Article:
B. E-Discovery [10]

In 2006 the Federal Rules of Civil Procedure were amended to accommodate e-discovery and electronically stored information. Currently, lawyers engaged in or anticipating litigation go to their client's IT office and expect to obtain all "reasonably anticipated" discoverable information, metadata and all, on a CD or flash drive. But when the e-mail sent and received on campus is stored in the "cloud" [11], the client's IT department may not have any more access to the underlying data than a typical end user. This is not only because the IT department no longer maintains the system itself, but also because storage capacity in the cloud can be used and traded almost like a fungible commodity [12], making it difficult to trace the transmission and storage history of specific data.

This new dynamic makes lawyers uncomfortable. But the data storage differences between cloud computing and using institutional servers should not impede outsourcing. These differences merely demand that cloud computing be approached with caution. There are several reasons. First, the Federal Rules [13] do not mandate any specific technological capabilities that an entity must have in place before it can communicate and store information electronically (but it is important to check whether your state spoliation of evidence law imposes additional obligations) [14]. The Rules simply require that whatever capabilities are available for business purposes must also be marshaled to comply with discovery obligations [15].

The crucial exception to this general standard is the requirement that a college must have the ability to institute a litigation hold, freezing relevant data under its control as it exists upon a determination that litigation and/or a government investigation is reasonably anticipated [16]. Because end users are not always reliable and may even have a personal interest in thwarting a litigation hold, an institutional administrator should also have the ability to place a hold on electronically stored data, including e-mail, to guarantee the preservation of relevant information.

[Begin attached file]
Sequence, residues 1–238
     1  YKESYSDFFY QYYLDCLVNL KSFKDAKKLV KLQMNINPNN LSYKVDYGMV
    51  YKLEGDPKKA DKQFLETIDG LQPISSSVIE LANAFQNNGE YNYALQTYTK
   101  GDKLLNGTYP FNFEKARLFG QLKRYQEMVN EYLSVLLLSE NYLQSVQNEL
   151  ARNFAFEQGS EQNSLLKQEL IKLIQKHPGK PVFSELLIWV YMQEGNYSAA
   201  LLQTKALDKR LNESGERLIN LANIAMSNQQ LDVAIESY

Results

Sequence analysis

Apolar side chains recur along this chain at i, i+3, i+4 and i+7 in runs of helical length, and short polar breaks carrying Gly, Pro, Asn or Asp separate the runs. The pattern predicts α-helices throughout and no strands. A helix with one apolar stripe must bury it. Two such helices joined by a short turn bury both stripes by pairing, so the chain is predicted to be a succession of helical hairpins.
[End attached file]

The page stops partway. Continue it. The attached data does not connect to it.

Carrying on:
So, for e-discovery purposes, an institution could have a policy stating: all e-mails will be immediately deleted after they are read, unless a litigation hold is initiated prior to such deletion. Obviously, many other legal record-keeping requirements exist that apply to different data sets on a college campus, but it should be those requirements, rather than e-discovery concerns, that govern data-storage decisions prior to a litigation hold. Nevertheless, colleges should seek the strongest possible contractual guarantees from providers that their e-mail system will allow for the easy migration of data onto institutional servers and that the providers will support the implementation and maintenance of litigation holds. These capabilities will inevitably help colleges meet their records management obligations, even if they are not strictly necessary from an e-discovery standpoint.

The second reason that e-discovery is unlikely to be an impediment when it comes to outsourcing e-mail is that discovery is primarily concerned with the production, not storage, of a party's data. As long as all of the relevant information can be accessed and turned over to an opposing party or oversight agency, it matters little whether it is stored on a server in Bangalore or Buffalo.